Game 17, Twins at Mariners
James Paxton vs. Trevor May, 6:10pm
Felix, man. There’s nothing like watching Felix when he’s got his best stuff, except maybe watching Felix with his best stuff in a playoff game. Get on that, M’s.
Today the M’s face local kid Trevor May. The righthander grew up in Kelso, and the Phillies signed him out of a UW commitment. He excelled in the Philadelphia system, pitching around a few too many walks by racking up strikeouts thanks to a plus fastball and a solid change-up. Like many young pitchers, he hit a bit of a snag in his first trip through AA. In 2012, May walked 78 and plunked another 11 in 149+ innings. To make matters worse, his rising FB led to lots of elevated contact, and that produced 22 home runs. May was clearly still a prospect, but one with plenty of question marks. After that season, the Phillies flipped him to Minnesota in the Ben Revere trade. His second tour of duty in the Eastern League was a bit better, but his walk rate was still over 10%.
Some tweaks heading into 2014 helped May avoid the long ball, and while his walk rate was still troubling, he was still striking out nearly a batter an inning. May got called up to the Twins in August, and made his debut against Oakland. The results were not encouraging: 7 walks, no K’s, and 4 runs in just 2 innings. In his first 5 MLB starts, he pitched 5 innings just once, and gave up 23 runs in 19 innings. The Twins apparently made some mechanical changes and May finished strong, with a 10K, no walk performance against the White Sox and then a 7K, 1 BB game against Detroit to close out the year. His season numbers were ugly, but there were some encouraging signs heading into 2015.
Twins manager Paul Molitor thought May struggled with his emotions last year, so the Twins worked with May on avoiding big innings by staying positive. In general, these are a subset of “best shape of his life” stories we hear every spring – every pitcher has a “new attitude” or “renewed focus” or some such. There’s also no way to apportion credit/blame to something like “focus”, but through two starts in 2015, May’s walked only 1. He’s not just aping Phil Hughes, though. May still throws his share of balls, but he’s able to get swings on a fair number of them.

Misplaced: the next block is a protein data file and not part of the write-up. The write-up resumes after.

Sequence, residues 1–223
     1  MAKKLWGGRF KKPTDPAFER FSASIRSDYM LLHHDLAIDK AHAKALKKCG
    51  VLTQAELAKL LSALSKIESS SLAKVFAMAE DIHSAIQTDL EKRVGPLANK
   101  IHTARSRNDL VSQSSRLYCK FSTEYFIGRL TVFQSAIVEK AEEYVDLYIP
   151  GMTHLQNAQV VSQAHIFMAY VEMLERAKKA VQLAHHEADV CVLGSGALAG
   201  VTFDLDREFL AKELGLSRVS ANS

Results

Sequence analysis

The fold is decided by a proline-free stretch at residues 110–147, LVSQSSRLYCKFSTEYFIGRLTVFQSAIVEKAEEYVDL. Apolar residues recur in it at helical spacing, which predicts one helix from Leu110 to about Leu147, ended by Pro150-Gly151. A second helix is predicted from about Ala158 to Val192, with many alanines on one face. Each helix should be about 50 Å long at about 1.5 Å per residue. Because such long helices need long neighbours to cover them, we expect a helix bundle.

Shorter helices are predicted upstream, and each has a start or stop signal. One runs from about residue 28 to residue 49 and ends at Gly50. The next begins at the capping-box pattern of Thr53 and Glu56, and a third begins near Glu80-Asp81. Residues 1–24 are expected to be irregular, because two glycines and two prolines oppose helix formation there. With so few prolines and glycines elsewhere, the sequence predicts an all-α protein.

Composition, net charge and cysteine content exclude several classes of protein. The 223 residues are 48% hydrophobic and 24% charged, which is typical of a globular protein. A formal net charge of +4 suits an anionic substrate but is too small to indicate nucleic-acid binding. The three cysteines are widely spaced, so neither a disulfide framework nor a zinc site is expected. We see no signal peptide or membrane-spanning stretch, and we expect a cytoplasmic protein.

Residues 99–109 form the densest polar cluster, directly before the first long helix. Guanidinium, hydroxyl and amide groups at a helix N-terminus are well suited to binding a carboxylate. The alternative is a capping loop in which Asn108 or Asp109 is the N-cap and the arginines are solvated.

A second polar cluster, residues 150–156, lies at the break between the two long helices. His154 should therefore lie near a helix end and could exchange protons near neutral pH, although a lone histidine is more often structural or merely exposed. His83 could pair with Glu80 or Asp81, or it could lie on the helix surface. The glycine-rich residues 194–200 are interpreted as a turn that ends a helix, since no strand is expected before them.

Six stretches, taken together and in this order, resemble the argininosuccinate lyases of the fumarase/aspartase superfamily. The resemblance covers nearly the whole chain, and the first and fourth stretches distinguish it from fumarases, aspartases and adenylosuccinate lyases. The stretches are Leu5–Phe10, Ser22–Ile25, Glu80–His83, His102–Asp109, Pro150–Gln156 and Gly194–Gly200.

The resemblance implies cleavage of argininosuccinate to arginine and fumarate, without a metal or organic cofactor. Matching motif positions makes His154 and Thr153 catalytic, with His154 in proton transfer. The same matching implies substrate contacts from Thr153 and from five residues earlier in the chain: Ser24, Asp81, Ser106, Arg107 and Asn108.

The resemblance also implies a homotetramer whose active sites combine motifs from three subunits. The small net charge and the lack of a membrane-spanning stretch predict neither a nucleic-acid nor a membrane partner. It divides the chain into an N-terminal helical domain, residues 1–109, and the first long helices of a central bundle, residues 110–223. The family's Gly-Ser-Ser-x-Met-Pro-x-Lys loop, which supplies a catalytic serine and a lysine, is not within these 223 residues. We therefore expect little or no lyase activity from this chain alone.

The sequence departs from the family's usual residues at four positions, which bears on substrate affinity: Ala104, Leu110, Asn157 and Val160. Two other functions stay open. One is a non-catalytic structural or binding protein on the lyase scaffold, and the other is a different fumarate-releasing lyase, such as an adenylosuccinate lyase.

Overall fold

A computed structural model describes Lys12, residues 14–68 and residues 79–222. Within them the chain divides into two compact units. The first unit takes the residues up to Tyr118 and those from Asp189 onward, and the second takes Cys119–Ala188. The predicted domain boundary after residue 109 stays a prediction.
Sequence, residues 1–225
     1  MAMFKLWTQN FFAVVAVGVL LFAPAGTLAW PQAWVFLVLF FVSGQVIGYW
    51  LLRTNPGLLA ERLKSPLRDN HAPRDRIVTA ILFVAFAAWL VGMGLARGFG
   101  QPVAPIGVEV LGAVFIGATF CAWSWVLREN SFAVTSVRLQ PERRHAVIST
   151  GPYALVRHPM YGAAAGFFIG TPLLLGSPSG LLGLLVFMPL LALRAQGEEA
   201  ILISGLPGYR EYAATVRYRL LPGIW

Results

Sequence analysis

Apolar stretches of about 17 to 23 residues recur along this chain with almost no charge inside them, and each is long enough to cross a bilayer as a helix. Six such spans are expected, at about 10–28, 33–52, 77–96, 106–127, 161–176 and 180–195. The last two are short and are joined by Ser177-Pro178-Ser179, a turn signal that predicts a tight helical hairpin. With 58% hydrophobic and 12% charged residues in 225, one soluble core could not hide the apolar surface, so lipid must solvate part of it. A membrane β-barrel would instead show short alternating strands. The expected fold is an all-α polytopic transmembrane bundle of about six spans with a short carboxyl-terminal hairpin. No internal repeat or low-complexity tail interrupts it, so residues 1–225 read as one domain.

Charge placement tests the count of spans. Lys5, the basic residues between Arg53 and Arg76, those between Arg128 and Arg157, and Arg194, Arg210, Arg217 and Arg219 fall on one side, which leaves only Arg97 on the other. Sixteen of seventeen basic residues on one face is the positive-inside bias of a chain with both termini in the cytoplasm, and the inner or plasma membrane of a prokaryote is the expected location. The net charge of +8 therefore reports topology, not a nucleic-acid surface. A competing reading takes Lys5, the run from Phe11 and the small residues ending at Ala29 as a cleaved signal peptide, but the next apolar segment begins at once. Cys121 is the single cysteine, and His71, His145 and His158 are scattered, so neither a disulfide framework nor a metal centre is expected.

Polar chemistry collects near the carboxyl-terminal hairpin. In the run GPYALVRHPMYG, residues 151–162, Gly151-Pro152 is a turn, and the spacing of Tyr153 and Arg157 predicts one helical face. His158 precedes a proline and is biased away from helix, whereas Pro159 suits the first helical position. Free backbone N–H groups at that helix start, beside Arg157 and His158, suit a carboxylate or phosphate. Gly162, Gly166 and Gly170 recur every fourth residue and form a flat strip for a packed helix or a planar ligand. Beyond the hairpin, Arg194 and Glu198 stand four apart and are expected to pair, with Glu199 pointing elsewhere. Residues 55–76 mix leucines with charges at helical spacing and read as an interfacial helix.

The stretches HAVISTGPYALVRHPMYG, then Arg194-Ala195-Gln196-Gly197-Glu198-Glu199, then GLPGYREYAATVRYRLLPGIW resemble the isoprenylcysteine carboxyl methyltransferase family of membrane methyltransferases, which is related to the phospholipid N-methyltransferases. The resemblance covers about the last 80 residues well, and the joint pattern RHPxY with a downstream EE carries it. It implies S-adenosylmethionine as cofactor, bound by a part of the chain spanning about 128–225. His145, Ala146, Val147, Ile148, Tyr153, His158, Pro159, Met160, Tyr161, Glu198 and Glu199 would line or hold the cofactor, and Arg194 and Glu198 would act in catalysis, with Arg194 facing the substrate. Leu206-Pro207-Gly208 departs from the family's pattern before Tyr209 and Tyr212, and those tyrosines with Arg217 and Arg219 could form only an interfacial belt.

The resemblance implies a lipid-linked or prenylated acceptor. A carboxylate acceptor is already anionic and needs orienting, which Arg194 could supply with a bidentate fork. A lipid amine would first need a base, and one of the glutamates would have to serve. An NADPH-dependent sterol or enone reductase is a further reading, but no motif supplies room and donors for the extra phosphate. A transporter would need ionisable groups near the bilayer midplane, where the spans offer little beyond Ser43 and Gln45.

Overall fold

The primary reason is his change, a pitch BA lists as the best in the system. It’s got somewhat unusual movement for a change – it’s got almost as much vertical rise as his four-seam fastball, and as much vertical rise as any change in baseball (along with Danny Duffy, Clayton Kershaw and Chris Tillman). In his brief career, that change gets whiffs on 43% of swings, and batters swing at it over half the time – not bad considering May’s crippling control problems last year. This season, he’s using a sinker a bit more, and he’s cut back on his slider – the slider was easily his worst pitch in 2014. His primary breaking ball is a curve with good horizontal movement – May’s low 3/4 delivery probably helps.
1: Jackson, CF
2: Smith, RF
3: Cano, 2B
4: Cruz, RF
5: Seager, 3B
6: Morrison, 1B
7: Ackley, LF
8: Zunino, C
9: Miller, SS
The Rainiers beat Albuquerque 3-2, as Jordan Pries put together a great start, going 6 1/3 IP with 7 Ks and allowing 2 runs. Chris Taylor went 2-4 with a double, and Carlos Quentin doubled as well for his first Tacoma hit. Roenis Elias starts tonight in Sacramento.
Edwin Diaz made up for his one poor start of the year, blanking San Jose over 5 1/3 IP.
Jackson and Clinton were rained out.